As was widely reported, a stealth/guerilla ad campaign for the Cartoon Network’s Adult Swim went “haywire” in Boston. (Boston Globe’s Brainiac blog has lots of interesting coverage.) People mistook the ads—which look like Lite-Brites with a cartoon character giving the finger—for bombs, as they were placed in semi-surreptitious manner on bridges, overpasses and subway stations. This seems like a pretty bad idea, and you might wonder what the ad agency, the aptly named Interference Inc., was thinking, though arresting ad henchmen over it seems extreme. They may as well throw those clowns who talk loudly about products on the subway in the klink. I guess I might feel differently if I had been sitting in a traffic jam in Boston, but then again when am I ever driving in Boston and not in a traffic jam?
But it seems like this is the inevitable destination of “ad creep”—ads seeking new places to garner attention as targets learn to filter out their omnipresence elsewhere. What could garner more attention than something that looks like a suspicious package? It’s not called guerilla marketing for nothing. In the video showing how these boxes were installed, it seems like they were taking their revolutionary marketing practices pretty seriously, as though it was something truly subversive. (Fitting, as adults who watch cartoons seem to suspect their is soemthing radical in their praxis.) And their surrealist bantering with the media after being released on bail reinforces that impression: “Outside, they met reporters and television cameras and launched into a nonsensical discussion of hair styles of the 1970s. ‘What we really want to talk about today — it’s kind of important to some people — it’s haircuts of the 1970s,’ Berdovsky said.” Ha, ha ha. Is there anything these irreverent zanies won’t do in their quest to liberate us from staid boredom?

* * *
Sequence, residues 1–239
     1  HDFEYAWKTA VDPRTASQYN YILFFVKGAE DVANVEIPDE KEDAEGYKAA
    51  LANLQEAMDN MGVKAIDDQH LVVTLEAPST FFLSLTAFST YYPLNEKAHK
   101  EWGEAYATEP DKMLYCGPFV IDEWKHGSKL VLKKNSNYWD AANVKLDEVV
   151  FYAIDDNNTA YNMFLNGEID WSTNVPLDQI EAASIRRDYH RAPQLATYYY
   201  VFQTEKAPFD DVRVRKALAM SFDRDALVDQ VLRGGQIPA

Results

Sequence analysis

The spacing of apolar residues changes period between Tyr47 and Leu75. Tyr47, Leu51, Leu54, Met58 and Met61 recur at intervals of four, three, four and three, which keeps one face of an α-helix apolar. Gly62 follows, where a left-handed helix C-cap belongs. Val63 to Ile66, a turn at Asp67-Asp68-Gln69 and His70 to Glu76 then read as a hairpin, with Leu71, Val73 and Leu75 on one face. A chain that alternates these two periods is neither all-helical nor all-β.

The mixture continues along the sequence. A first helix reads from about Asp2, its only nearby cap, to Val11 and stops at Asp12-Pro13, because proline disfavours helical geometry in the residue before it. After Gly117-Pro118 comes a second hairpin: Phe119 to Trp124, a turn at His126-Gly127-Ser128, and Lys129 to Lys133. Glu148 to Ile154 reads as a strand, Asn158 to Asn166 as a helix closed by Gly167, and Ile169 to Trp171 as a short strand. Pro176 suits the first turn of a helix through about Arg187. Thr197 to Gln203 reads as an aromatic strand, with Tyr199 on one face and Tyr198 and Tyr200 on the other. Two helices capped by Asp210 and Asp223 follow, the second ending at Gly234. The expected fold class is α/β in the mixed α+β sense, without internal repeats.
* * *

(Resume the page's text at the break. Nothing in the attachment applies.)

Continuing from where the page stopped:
These pseudosubversive practices certainly seem to undermine the political potential of DeBordian detournement strategies and other similar cultural “interventions”—what’s so dastardly about advertising is that it’s an industry organized to systematically co-opt any interesting, innovative, or aresting way to communicate, such that now all forms of rhetoric seem diseased with inauthenticity, even the most radical forms of anti-social activity can now seem staged and phony. The very act of getting someone’s attention has itself become suspect; it tends always to feel like a hoax.
In my early-morning fugue state I seem to recall hearing on NPR a discussion of whether this hullaballoo over a terror scare constitutes success for the ad campaign. If the goal is to attract attention with no heed for the comfort or willingness of individuals to see it, then it seems to have been pretty successful to me. Perhaps Interference Inc. can come up with ads embedded in buildings’ fire alarms or in the sirens of ambulances. Perhaps they can kidnap people from in front of ATM machines and make them listen to speeches about proprietary fruit juices. The act of stealing someone’s attention has been decriminalized and to a large extent normalized (this is perhaps why people in cities besides Boston paid no mind to these boxes) and now there’s no obvious limit beyond which advertisers should not go.
We all know how critical it is to keep independent voices alive and strong online. Please consider a donation to support our work as an independent publisher devoted to the arts and humanities. Your donation will help PopMatters stay viable through these changing and challenging times where advertising no longer covers our costs. We need your help to keep PopMatters publishing. Thank you.